Health promoters who operate in this capacity can thus be seen to hold and exert power over the population or different communities through their setting of the health promotion programmes, and through acting as gatekeepers of the information they choose to share. People in such decision-making positions may also have control over issues such as resource allocation and funding or who is given decision-making responsibilities (Laverack & Laonte, 2000) and all of these factors work to take away power from the grass-roots / individual level. ‘Real power is possessed by those who define the problem.’ (McKnight, 1999) Decision makers such as health promoters or authorities that dictate what people need, and what they can and cannot have in relation to health information, promotion and intervention also exert power over the population through creating individual dependency on health professionals for maintaining and responsibility for their health and wellbeing.
The Ottawa Charter highlighted the need for health promotion to move beyond what is an essentially person-passive approach of receiving health promotion information and interventions, to one where individuals are enabled to become much more active participants with greater control over their health and well-being, and through instigating greater action on a community and group level. A concept known as ’empowerment’ with roots in social psychology constructs such as self-efficacy and health locus of control, refers to ‘processes of social interaction of individuals and groups, which aim at enabling people to enhance their individual and collective skills and the scope and range of controlling their lives.’ (Erben, Franzkowiak & Wenzel, 2000) Empowerment can thus occur at both individual and group levels, such as within communities.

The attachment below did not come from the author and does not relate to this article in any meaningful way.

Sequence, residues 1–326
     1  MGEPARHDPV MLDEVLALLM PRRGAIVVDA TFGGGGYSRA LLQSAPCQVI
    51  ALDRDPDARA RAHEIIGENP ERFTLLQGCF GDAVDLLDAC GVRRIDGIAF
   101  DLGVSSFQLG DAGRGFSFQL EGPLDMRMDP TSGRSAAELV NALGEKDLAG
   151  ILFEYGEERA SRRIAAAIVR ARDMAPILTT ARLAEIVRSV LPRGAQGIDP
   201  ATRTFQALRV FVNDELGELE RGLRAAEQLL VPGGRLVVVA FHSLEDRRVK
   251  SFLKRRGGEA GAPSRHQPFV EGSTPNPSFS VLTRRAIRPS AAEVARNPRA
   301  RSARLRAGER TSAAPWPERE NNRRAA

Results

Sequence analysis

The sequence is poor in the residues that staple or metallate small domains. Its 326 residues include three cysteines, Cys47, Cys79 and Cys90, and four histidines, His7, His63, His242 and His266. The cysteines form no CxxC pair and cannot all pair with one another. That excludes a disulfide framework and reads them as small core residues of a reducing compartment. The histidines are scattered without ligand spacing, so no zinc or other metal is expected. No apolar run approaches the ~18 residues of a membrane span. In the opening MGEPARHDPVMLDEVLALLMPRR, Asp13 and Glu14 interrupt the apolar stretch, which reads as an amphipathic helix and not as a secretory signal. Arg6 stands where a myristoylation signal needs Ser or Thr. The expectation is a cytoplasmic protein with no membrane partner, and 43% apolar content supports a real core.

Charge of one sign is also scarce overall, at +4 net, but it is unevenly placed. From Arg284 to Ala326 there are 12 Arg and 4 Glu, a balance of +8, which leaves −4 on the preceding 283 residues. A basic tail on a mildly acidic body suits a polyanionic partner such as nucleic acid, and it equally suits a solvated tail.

The basis of empowerment is essentially associated with the so-called bottom-up approach to health promotion (where the decision making process begins at the individual or group level, and these ideas are taken up the chain for approval and implementation) which has given focus to ‘issues of concern to particular groups or individuals, and regards some improvement in their overall power or capacity as the important health outcome.’ (Laverack & Labonte, 2000)